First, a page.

I need to be exposed to the possibilities of other frames of reference to enrich and transmit what works in the process to find release of suffering. Thanks again, I often use your offerings with the people I serve. This community thrives on the gifts, generosity and possibilities we share. May all beings be free!

Kenneth May 6, 2013 at 2:20 pm

I read “Let Reality be Real” this morning. I had two unpleasant (in my mind) meetings to attend to today, and decided to practice some of what you said in these meetings. I was fully present, attentive, not trying to escape, enduring the psychological pain when present, but pleasantly surprised that for the most part, the meetings went well, I’m still employed, and in general I got through some stuff I had been worried about. Our minds are just off to the races with worst possible case thinking if we allow them to. By just quieting my mind and just listening and being fully present, I was spared the pain of my worst possible case thinking.

Patricia May 6, 2013 at 3:34 pm

Hi David,
Great post! It helped remind me to pay attention to the tightness of the body that occurs during minor aches and pains,and not to “strain away” from it. Relaxing actually helps.
Also, may I suggest that you purchase lightweight collapsible wheels similar to what’s used for luggage, that you can keep in your car so you can pile all that stuff on it and wheel it home! : )

L. A. Howard May 6, 2013 at 3:52 pm

I’m going to try this. I’m tired of focusing so much on how things SHOULD be that I miss out on the potential of the way things ARE. Maybe if I’m able to assign things as preferences instead of actual needs, I’ll be able to get somewhere that’s much more healthy, emotionally and mentally.

Thanks for posting this!

Kenneth May 6, 2013 at 4:59 pm

In an amazing coincidence I received this in my inbox today.

A Secret Scrolls message from Rhonda Byrne
Creator of The Secret

From The Secret Daily Teachings
Stress, worry, and anxiety simply come from projecting your thoughts into the future and imagining something bad. This is focusing on what you don’t want! If you find that your mind is projecting into the future in a negative way, focus intensely on NOW. Keep bringing yourself back to the present.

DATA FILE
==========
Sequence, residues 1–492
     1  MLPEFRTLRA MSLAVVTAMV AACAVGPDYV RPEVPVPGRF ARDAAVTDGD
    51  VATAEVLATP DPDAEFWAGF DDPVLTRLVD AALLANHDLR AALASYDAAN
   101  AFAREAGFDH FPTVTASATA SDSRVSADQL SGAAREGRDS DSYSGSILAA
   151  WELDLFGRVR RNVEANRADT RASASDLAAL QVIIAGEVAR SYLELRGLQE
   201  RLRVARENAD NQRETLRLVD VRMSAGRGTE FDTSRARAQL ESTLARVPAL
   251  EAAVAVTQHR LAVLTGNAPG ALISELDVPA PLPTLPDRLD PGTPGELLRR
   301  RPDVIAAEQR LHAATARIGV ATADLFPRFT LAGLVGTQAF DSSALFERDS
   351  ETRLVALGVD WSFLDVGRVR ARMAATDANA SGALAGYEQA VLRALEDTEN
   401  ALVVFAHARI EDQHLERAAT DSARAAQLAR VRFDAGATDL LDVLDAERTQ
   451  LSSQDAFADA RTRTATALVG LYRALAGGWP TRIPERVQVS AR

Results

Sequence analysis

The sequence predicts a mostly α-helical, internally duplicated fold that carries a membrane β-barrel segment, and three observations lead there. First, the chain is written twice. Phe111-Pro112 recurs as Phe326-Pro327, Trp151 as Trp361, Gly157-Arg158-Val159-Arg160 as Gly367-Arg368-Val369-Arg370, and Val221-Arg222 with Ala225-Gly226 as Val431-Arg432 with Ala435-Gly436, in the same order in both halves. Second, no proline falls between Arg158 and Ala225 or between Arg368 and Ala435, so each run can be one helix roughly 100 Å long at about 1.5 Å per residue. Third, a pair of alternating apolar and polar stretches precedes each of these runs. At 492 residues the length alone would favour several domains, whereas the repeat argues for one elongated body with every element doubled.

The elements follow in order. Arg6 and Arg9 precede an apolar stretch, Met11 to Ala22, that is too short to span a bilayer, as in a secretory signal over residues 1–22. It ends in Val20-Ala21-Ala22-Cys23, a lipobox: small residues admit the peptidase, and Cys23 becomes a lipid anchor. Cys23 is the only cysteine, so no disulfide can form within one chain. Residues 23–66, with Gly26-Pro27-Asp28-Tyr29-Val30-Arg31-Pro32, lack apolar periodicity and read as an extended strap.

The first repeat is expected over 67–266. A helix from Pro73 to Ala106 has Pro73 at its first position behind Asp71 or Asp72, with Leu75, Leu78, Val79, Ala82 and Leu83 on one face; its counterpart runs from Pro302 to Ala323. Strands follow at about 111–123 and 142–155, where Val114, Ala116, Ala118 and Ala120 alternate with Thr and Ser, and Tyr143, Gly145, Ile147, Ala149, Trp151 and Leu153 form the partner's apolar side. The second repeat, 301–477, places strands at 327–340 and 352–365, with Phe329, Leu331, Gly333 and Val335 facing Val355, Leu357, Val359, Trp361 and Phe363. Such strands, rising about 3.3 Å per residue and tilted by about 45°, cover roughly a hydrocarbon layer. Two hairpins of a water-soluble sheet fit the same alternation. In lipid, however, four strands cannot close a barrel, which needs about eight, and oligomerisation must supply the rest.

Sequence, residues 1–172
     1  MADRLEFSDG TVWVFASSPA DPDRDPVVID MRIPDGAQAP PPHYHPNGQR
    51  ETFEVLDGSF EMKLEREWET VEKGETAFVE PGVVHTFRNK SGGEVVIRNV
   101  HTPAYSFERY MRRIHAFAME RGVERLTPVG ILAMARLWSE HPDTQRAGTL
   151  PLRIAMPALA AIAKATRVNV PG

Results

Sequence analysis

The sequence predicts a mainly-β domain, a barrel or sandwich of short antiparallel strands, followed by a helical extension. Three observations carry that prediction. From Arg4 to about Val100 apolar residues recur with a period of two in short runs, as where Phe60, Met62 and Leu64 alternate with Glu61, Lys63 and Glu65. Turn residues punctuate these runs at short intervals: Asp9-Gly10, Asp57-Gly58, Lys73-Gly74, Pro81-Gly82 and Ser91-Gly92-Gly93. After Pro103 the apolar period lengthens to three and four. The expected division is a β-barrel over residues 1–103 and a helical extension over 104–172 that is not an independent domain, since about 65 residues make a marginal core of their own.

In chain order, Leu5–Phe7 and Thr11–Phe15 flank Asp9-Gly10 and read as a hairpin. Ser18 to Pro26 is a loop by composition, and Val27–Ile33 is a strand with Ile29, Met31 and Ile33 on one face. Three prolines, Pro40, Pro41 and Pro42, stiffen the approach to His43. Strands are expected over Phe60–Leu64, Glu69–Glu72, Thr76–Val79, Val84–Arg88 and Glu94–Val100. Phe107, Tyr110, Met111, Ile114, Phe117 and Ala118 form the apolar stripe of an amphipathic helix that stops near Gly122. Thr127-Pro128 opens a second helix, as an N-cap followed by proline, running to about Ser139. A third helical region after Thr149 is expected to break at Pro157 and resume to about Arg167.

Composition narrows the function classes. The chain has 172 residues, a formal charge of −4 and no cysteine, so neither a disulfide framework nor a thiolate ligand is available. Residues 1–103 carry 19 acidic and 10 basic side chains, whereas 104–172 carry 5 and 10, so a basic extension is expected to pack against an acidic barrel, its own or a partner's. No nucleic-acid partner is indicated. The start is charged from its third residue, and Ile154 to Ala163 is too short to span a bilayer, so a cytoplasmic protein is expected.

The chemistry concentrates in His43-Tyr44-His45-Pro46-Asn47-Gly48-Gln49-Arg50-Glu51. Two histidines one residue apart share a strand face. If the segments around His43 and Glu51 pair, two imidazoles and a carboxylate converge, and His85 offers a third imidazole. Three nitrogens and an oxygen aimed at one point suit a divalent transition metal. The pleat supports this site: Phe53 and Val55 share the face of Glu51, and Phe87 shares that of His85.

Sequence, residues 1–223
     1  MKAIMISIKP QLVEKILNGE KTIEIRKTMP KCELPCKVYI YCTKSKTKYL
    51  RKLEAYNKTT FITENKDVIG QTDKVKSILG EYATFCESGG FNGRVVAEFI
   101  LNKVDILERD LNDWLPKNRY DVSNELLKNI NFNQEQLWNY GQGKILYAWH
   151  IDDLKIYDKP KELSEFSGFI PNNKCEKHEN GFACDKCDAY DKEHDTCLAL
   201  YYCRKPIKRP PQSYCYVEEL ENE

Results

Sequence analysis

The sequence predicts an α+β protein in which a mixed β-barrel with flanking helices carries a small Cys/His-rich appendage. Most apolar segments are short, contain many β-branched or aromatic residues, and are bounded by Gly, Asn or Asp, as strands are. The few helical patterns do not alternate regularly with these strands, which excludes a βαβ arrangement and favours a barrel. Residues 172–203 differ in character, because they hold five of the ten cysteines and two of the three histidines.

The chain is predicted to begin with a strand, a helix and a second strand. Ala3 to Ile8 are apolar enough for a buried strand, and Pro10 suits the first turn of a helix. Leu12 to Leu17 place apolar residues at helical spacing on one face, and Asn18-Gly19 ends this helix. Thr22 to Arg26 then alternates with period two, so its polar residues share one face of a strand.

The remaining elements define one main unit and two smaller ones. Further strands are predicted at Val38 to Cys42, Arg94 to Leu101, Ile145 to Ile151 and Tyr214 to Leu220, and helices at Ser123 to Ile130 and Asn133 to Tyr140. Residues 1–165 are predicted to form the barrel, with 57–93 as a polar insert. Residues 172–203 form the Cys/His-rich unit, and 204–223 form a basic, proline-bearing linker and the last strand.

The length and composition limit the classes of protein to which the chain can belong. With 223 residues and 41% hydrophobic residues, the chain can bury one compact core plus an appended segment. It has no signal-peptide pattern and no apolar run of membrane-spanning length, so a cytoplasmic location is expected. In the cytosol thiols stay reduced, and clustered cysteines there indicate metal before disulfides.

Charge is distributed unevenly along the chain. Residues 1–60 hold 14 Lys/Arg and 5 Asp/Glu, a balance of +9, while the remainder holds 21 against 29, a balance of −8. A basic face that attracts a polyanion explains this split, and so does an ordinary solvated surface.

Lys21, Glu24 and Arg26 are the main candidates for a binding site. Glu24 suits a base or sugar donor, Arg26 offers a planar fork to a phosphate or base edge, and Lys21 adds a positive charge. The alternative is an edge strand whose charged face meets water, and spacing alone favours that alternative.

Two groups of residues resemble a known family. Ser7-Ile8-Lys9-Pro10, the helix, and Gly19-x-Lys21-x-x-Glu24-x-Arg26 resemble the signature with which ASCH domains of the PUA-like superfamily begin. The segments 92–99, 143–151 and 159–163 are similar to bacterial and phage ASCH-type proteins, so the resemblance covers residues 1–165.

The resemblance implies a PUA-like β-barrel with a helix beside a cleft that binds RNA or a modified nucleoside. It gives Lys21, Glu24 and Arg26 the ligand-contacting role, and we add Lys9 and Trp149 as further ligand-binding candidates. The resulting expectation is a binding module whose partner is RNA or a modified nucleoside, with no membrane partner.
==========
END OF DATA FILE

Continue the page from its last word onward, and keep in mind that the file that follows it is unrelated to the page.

Use all of your will, and focus your mind in this very moment, because in this moment of now there is utter peace.

May the joy be with you,

Rhonda Byrne
The Secret… bringing joy to billions

Rebecca May 6, 2013 at 5:52 pm

Great post David! And very timely for me too. I have spent the whole day fighting back tears because it seems like EVERYTHING is wrong and spinning out of control. Reminding myself that these are just ‘preferences’ not needs has really helped me turn back towards balance today and away from the victim mentality I was falling into. Thanks David – I really enjoy your blog

Laysa May 6, 2013 at 8:21 pm

Perfect, David. Funny thing I was thinking and getting to a formed opinion about this relaxed acceptance today, and some words I read in your text was exactly the same I had on my mind earlier (not exactly the same-I thought them in Portuguese…hehe). I had an excellent opportunity to test myself having a mistake done in a written tattoo I got, and I thought in a relaxed way that mistakes happen in tattoos, just happen in life – so, you see, I have a very real tattoo, hahahaha. I passed the test: Right now, I am free and real.
Please, keep writing these things, keep wondering yourself while you carry bags, buy coffee and remain mute, ok?! ;)

Kate May 7, 2013 at 12:56 am

For starters I’m going to try and “relax into the discomfort” of my period pain. Why not? After all it is completely predictable and well outside of my control.
That paragraph resonated with me; especially “It feels like you’re walking freely in an area you thought you weren’t allowed to go.”

Kobe Bryant May 7, 2013 at 5:24 am

Two quotes from Thus Spoke Zarathustra sprung to mind as I read this:

From the chapter The Spirit of Gravity: “Almost from the cradle are we presented with heavy words and values: this dowry calls itself ‘good’ and ‘evil’. For its sake are we forgiven for being alive”.

From the chapter At Noontide: “Hath not the world just now become perfect? Oh, perfect as a round golden ball!”

Nice post

John May 7, 2013 at 9:30 am

Deep article David! I recently started biking to the store when I needed only a few groceries. At first, I would hate it. It was a pain in the ass to get used to hauling stuff on my back. But it eventually got to the point where it made so much more sense to bike rather than take my car to a place that was a mile away. I’m glad I did, the little discomfort you speak of has basically become a non-factor.

Colin May 7, 2013 at 12:01 pm

I lost over 50 pounds in weight using this one technique. After trying different diets and variations of diets for a long time I finally realised they were all efforts to stop experiencing discomfort in the form of hunger. As soon as I faced and experienced the hunger without flinching it reduced by at least 50% and I felt in control. I then lost the weight with ease!

Edward Sanborn May 8, 2013 at 5:25 am